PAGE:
Basics of Color

What’s the difference between YUV, YIQ, YPbPr and YCbCr?

The simplest explanation of YUV, YIQ, YPbPr and YCbCr, how they are different, and which one you should pay the most attention to.

YUV and Y’UV

A system that defines color via one luminance value and two chrominance values is called a luma-chroma system.

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YUV Encoding
Author: Tonyle

One such system is the YUV color model, where Y is the luminance component and UV stand for two chrominance (color) components. The YUV model was built based on how the human eye works.

As we have see on the article on gamma, in video, this model becomes Y’UV.

But why Y’UV and why not R’G’B’? The answer is: due to the ubiquity of black and white television sets.

When color was introduced into television, the black and white luma system couldn’t just be thrown away. Luckily, the YUV model is similar to the human eye, and it was relatively easy to incorporate the Y’UV color model and ‘ease it into the accepted scheme of things’.

Color information (U and V) was added separately via a sub-carrier so that a black-and-white receiver would still be able to receive and display a color picture transmission in the receiver’s native black-and-white format.

The PAL and SECAM systems were based on the Y’UV color model.


The Y’IQ color model is similar to a Y’UV model, and is the basis of the NTSC television standard.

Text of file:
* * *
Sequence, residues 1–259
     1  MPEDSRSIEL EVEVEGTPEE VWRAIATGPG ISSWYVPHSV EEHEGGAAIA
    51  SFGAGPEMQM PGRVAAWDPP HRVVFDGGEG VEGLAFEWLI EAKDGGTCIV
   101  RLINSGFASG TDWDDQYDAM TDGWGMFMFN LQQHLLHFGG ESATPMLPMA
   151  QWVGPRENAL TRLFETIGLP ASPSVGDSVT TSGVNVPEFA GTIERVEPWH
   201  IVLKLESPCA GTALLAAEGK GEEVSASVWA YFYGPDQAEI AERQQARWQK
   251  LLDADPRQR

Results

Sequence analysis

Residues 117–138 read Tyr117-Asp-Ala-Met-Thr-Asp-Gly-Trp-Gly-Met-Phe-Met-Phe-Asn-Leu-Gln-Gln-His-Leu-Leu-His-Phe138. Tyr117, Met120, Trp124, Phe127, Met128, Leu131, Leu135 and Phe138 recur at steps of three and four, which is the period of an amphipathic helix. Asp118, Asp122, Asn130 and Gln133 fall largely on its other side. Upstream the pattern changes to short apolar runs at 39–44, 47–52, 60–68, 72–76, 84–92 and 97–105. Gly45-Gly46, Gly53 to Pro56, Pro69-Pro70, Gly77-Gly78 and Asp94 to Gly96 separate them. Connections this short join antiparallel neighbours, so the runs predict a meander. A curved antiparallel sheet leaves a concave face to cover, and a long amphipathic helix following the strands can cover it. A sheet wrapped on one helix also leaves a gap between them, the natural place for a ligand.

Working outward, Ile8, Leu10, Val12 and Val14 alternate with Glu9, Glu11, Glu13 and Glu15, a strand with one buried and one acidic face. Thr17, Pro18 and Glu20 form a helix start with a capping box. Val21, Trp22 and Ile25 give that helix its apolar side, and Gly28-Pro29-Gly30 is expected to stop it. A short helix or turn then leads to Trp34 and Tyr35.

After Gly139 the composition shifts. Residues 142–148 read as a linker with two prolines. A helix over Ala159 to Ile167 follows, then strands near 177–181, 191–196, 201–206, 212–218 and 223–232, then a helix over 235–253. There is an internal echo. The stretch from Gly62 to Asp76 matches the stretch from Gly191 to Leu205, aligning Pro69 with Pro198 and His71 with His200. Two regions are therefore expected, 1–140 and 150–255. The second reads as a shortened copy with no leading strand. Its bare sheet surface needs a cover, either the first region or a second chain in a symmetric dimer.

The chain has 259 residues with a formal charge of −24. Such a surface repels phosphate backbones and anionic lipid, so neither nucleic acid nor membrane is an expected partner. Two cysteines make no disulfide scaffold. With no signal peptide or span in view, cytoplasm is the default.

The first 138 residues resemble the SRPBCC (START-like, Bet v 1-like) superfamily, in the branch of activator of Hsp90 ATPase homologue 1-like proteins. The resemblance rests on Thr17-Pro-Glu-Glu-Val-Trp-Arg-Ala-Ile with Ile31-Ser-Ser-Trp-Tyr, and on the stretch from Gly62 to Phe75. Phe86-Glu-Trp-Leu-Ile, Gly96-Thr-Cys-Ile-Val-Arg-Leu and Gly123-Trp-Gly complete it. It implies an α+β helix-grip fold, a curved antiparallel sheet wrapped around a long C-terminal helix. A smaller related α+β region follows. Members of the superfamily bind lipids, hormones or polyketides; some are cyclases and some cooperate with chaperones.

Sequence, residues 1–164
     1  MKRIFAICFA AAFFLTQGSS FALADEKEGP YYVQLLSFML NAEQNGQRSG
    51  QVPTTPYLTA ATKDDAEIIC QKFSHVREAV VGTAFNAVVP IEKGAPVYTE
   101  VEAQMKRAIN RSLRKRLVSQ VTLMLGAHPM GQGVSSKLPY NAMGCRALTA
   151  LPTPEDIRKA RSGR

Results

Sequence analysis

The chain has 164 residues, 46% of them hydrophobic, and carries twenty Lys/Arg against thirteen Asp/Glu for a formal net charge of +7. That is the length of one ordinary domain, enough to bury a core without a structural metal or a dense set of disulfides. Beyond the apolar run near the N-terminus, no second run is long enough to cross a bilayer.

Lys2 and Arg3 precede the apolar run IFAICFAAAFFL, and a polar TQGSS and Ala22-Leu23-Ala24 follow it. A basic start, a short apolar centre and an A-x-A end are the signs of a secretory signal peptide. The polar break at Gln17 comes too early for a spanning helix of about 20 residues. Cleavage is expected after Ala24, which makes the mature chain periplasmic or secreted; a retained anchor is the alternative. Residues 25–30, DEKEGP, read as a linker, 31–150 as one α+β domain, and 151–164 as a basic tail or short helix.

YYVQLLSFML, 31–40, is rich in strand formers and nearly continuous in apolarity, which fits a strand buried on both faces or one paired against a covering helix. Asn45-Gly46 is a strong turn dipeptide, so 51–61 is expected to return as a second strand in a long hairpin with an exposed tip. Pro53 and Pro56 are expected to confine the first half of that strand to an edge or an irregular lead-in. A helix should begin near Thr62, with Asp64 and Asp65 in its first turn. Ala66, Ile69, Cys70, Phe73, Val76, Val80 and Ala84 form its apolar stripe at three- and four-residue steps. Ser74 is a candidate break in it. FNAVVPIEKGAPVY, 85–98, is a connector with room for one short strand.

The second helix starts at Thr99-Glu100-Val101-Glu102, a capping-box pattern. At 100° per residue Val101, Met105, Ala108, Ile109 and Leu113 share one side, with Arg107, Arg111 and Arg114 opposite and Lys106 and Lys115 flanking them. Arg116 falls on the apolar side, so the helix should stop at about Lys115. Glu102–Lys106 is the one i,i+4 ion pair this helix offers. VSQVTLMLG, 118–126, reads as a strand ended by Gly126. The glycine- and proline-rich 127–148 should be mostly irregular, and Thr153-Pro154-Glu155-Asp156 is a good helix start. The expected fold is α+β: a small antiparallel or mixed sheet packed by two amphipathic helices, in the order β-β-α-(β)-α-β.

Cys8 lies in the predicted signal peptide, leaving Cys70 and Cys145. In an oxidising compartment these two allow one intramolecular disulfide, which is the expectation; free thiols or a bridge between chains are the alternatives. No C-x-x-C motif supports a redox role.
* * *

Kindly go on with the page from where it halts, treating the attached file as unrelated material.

Y’ Pb Pr

Y’ Pb Pr is the luma-chroma color model applied to analog video, especially for transmission over cables.  You’ve all seen the three color component cable for analog television – that’s Y’ Pb Pr.

Courtesy:E3uematsu at ja.wikipedia

So if your favorite cocktail is RGB, then splitting it into three systems is defined by a set of rules, laid out by the Luma-Chroma system Y’UV. When you want these three components transmitted over three pipes, the three individual ingredients (signals) are called Y’ (gammafied luma), Pb and Pr (Chrominance).

Y’ Cb Cr

When digital systems came along it became necessary to design a system that also supported analog television. So, all the baggage that was analog broadcast television, was ported over to digital.

The digital equivalent of the Y’PbPr color model is the Y’CbCr model. Since we are in the digital world today, and most analog systems are speedlily hurtling towards their graves, the only color encoding scheme we need concern ourselves with is Y’CbCr.

Why is there a confusion if we only need worry about Y’CbCr?

As I’ve explained in Luminance and Chrominance, Y’UV, Y’IQ, Y’PbPr and Y’CbCr are NOT color spaces, but encoding schemes based on the luma-chroma color theory. Each one has its own mathematic properties and they are not interchangeable.

You’ll find many ‘experts’ and even Wikipedia articles using the these terms interchangeably, sometimes calling it a color space, and sometimes a color model. This is plain misleading.

And the manufacturers are making it worse. From all this jargon, they pick the easiest one to remember: YUV. What else do you expect from them? It’s become a fashion to use the term YUV to mean all of the other encoding systems, but that is incorrect. Save yourself trouble down the road, and use the correct terminology.

When in doubt, use this rule of thumb: YUV usually means Y’CbCr.

But what about PAL and NTSC?

Y’UV and Y’IQ are still the basis of PAL and NTSC. They haven’t gone anywhere, just taken a back seat. In digital land, the absolute ruler is the Y’CbCr model.

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